The George Mason University Center for Climate Chance Communication recently released a study on the impact of abusive online comments on public understanding of science. The study didn’t look at the public debate on climate change. Instead, it focussed on the issue of nanotechnology and the potential risks to health and the environment associated with the use of engineered materials.
All of the participants read the same article about that issue, but different comments were used. Some were given “civil” comments that avoided name-calling. Others were given the article along with negative comments in which readers called each other idiots, etc.
An article by Mother Jones on the study reports:
The researchers were trying to find out what effect exposure to such rudeness had on public perceptions of nanotech risks. They found that it wasn’t a good one. Rather, it polarized the audience: Those who already thought nanorisks were low tended to become more sure of themselves when exposed to name-calling, while those who thought nanorisks are high were more likely to move in their own favored direction. In other words, it appeared that pushing people’s emotional buttons, through derogatory comments, made them double down on their preexisting beliefs.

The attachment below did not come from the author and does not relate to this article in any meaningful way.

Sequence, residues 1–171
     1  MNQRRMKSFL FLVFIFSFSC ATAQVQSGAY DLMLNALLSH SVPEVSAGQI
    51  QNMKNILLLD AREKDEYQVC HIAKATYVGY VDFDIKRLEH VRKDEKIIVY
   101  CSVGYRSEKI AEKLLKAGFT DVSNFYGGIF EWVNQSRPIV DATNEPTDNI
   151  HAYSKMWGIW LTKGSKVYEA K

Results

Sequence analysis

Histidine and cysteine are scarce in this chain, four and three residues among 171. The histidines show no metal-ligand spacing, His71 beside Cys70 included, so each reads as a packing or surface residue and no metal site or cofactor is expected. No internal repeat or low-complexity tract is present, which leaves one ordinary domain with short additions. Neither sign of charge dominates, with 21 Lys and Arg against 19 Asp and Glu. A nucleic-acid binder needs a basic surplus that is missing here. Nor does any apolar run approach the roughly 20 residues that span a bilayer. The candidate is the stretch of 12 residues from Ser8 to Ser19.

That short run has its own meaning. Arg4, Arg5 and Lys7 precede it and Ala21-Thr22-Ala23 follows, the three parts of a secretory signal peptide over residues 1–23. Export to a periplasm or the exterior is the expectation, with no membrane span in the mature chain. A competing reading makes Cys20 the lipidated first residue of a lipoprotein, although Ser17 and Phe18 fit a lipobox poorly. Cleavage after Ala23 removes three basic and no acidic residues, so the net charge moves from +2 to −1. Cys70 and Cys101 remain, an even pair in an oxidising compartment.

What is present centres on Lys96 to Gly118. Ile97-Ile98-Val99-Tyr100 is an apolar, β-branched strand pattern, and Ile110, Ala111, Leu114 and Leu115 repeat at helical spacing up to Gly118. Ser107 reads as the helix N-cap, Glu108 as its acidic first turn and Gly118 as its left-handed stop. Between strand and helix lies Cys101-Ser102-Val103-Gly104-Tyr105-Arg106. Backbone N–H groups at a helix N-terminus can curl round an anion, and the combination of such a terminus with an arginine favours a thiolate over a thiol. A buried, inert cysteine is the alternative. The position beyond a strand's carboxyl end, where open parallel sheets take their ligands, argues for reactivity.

The article goes on to talk about this finding in the context of the psychological theory of motivated reasoning. In other words, emotional reactions are faster than intellectual ones. Although both reactions may be present, the emotional reaction to what someone reads may influence how he or she thinks about the topic. Reading insults may cause a reader to become defensive about their preexisting beliefs.
The polarizing effects of online comments on nanotechnology are likely to be far less so than those in the debate over climate change.
As our readers know, we moderate this blog to keep the comments more or less civil. We do allow criticism of an individual’s reasoning. We discourage posts that mock an individual’s intellectual capacity. We sometimes allow not-so-nice comments to get through, perhaps more so when we are trying to moderate from our smart phones at the Y or Kroger.
I’m interested in your thoughts about this topic. Do you think moderation, as imperfect as your humble moderators may be, helps the discussions on the RoundTable? If not, what would you suggest? That doesn’t mean we’re going to stop moderating, by the way, but I am interested in feedback. Thanks!